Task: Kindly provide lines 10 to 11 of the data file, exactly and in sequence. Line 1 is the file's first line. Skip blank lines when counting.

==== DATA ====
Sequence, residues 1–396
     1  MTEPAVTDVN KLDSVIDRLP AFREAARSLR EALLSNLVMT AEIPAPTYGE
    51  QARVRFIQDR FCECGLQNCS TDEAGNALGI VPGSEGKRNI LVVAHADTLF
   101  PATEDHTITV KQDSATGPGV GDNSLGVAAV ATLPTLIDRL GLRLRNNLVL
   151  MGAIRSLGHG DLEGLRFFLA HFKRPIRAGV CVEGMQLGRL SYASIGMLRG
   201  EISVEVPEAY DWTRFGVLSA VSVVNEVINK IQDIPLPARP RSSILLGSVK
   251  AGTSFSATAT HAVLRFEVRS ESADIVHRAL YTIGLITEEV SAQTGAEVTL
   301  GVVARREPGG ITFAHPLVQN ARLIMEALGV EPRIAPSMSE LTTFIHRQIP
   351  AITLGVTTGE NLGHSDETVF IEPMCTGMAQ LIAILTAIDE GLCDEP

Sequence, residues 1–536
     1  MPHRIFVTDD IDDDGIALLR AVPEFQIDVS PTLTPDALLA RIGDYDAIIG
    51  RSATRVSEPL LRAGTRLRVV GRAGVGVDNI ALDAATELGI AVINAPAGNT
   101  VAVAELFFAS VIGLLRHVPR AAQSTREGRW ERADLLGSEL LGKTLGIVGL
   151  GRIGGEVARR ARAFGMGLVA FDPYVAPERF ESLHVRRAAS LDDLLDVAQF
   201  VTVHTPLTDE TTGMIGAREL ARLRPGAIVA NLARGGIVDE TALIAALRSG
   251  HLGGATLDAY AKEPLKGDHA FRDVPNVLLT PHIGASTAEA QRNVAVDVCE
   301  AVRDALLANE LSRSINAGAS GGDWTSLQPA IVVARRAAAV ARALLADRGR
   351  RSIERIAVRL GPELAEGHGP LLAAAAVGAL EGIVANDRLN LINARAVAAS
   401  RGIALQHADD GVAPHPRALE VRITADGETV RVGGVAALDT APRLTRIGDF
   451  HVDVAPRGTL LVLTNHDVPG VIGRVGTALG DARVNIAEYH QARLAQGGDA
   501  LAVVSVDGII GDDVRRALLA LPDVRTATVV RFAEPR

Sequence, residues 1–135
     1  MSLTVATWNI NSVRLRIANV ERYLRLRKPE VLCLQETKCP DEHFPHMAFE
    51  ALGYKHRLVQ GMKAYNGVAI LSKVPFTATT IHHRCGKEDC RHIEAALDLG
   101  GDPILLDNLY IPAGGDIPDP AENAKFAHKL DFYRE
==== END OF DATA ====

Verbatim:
Sequence, residues 1–536
     1  MPHRIFVTDD IDDDGIALLR AVPEFQIDVS PTLTPDALLA RIGDYDAIIG